First, let’s define “the property.” The property on which a lender will place a lien for the construction loan includes the vacant land and the improvements that are constructed on that land. Lenders will hire an appraiser (paid for by you in the closing costs of the loan) to value the property so they can determine how much money can be loaned to the homeowner. A licensed appraiser will place a value on the vacant land and the new home (the improvements) based on “comps,” or comparative properties that have sold recently in the nearby area. Here is an example:
If the property had been appraised for the true building costs, the loan amount would’ve been $600,000 ($125,000 + $625,000 = $750,000 x 80% = $600,000). The difference is an additional $100,000 the homeowner will have to come up with out of pocket. And herein lies the problem with custom home construction – the Appraisal Gap. Keep reading…
Appraisers use recent home sales, or comps, that have similar properties to the property the lender is considering for a loan. These comps, for the most part, are properties that have been sold through the Multiple Listing Service, or MLS (usually with the assistance of one or more licensed Realtors). Custom-built homes that were not listed and sold through the MLS are not typically available to be used as comps, nor are sales of existing homes that weren’t listed on the MLS (for-sale-by-owner, or FSBOs). Since appraisers don’t have official access to these custom home builds and “off-the-public-record” sales, they aren’t able to use the construction prices or sales prices as comps. This wasn’t always the case, but the financial crisis of 2008-2009 changed the rules that appraisers must follow to determine property values. These rule changes have been both good and bad, but I’m only going to focus on the Appraisal Gap as it relates to custom home values. The Appraisal Gap is not a good thing in my opinion.
In most cases, recent sales, or comps, are homes that were built years ago when relative construction prices were nowhere near what they are today. Comps on new homes are typically spec homes that were built with a different business model than ours: quality structure, energy efficiency, and mostly higher-end finishes and fixtures. To put it simply, homes that sell on the public market must be built for a low price to attract buyers. Something must give to achieve attractive market pricing. Most of these homes will not have foam insulation, quality windows, high efficiency air conditioning equipment, and tankless water heaters for instance. The ironic part of the appraisal equation and the resulting Appraisal Gap is that appraisers typically will not place much, if any, value on these “upgrades.” I place the word in italics because these items are not upgrades for my homes.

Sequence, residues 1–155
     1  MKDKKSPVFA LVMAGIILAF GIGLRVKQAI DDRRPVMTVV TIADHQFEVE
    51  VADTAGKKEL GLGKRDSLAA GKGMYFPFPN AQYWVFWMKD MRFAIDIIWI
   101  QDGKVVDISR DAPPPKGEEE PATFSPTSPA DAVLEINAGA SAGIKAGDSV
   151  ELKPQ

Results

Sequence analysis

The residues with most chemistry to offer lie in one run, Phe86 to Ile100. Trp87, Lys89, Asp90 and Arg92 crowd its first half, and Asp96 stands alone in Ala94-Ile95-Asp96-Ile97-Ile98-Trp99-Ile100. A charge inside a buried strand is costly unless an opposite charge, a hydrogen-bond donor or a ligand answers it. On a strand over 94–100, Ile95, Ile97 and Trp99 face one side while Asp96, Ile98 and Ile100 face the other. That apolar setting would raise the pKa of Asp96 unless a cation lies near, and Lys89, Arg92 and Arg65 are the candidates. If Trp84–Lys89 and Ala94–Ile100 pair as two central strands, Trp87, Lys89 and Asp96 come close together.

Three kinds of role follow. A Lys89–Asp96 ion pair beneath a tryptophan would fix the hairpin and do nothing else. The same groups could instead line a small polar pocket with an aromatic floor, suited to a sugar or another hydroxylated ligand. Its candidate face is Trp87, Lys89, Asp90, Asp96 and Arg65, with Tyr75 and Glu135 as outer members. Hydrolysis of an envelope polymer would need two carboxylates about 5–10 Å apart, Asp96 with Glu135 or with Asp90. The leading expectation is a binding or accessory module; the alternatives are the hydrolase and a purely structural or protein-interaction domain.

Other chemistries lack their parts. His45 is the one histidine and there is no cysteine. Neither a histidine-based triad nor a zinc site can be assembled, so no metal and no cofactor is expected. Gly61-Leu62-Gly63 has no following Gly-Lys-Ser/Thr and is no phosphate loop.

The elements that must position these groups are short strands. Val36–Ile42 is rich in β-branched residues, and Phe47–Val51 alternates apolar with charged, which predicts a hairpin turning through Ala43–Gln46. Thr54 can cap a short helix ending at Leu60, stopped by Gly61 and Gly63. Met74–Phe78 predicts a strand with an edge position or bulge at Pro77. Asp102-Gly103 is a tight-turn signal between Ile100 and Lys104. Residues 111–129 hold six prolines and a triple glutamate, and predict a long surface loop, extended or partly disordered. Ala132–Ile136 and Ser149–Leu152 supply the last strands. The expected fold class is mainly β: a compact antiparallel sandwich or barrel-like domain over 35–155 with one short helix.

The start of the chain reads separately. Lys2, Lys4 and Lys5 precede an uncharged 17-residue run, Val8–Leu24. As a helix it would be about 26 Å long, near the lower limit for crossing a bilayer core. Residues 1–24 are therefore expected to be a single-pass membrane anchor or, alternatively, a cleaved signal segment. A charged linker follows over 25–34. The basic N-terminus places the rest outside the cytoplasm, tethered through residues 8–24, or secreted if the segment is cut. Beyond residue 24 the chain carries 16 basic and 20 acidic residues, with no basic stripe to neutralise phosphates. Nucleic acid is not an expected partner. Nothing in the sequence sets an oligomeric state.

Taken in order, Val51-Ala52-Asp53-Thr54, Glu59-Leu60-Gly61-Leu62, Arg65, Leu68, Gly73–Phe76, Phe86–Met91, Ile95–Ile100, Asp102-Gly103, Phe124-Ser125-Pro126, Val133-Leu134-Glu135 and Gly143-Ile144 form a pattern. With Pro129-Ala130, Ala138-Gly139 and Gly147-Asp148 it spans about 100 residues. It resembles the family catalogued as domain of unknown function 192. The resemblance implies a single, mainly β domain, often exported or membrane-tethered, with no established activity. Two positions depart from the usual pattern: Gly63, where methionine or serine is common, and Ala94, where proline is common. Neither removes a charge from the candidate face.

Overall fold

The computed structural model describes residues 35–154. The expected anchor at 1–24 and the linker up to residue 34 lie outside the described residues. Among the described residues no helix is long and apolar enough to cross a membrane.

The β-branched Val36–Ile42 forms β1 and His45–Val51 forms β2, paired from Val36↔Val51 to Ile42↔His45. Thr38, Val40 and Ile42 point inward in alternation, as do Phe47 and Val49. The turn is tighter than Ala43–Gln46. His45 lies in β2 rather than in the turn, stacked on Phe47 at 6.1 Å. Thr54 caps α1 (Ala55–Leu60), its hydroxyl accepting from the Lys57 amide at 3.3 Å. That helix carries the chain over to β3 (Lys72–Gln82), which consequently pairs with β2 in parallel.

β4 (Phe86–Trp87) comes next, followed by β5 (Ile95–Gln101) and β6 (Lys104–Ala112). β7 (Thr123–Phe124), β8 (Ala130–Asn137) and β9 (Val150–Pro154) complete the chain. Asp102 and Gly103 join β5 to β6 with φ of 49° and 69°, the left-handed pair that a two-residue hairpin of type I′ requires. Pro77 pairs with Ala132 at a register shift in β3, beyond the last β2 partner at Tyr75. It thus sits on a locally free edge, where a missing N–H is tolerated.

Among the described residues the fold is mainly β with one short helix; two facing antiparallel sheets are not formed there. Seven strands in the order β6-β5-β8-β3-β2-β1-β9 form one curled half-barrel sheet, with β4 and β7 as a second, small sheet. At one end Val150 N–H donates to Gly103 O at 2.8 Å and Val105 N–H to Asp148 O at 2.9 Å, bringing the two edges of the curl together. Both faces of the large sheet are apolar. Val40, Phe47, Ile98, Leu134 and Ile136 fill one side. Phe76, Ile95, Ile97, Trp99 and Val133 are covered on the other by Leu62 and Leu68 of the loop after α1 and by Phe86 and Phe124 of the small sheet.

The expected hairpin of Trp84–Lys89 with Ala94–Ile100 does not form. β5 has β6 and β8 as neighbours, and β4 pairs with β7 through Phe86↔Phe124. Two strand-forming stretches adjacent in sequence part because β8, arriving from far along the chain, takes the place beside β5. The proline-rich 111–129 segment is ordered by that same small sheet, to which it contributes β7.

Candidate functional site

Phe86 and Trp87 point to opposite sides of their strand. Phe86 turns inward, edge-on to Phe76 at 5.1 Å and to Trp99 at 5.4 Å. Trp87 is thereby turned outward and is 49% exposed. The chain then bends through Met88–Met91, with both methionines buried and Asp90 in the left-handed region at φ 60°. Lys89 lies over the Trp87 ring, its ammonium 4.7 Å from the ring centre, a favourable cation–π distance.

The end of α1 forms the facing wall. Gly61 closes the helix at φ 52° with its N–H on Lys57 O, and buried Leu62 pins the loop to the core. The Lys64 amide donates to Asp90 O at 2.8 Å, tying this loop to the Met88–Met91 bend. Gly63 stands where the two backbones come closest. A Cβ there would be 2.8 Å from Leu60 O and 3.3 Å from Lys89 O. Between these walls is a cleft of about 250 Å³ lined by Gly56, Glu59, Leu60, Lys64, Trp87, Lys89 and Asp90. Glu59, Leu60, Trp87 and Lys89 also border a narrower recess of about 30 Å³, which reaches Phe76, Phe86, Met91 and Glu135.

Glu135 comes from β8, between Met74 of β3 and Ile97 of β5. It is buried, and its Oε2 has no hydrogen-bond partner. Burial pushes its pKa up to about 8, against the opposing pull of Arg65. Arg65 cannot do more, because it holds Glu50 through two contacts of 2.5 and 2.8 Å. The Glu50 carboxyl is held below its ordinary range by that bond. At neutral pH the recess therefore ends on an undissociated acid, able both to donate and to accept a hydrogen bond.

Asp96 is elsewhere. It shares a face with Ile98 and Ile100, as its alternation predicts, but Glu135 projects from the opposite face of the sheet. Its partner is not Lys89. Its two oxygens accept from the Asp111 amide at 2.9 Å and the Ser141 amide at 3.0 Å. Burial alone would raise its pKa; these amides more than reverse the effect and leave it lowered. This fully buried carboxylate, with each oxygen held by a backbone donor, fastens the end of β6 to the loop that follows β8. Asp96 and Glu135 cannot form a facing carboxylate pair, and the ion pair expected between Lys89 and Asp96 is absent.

My homeowners do place a high value on these qualities, however, and this is the basic definition of the problem of the Appraisal Gap. Other items affecting the Appraisal Gap common to many custom home projects are extensive site prep, expensive retaining walls, long driveways and utility lines, expensive water wells and septic systems (compared to municipal utilities), engineered and piered foundations, higher-end finishes and fixtures, and the list goes on and on. The value of items associated with a custom-built home compared to other comps can be tens of thousands of dollars with basically no associated increase in the appraised value. Some might be familiar with a similar disparity – building a pool. A $70,000 pool might return 25% of that value from an appraiser if you’re lucky.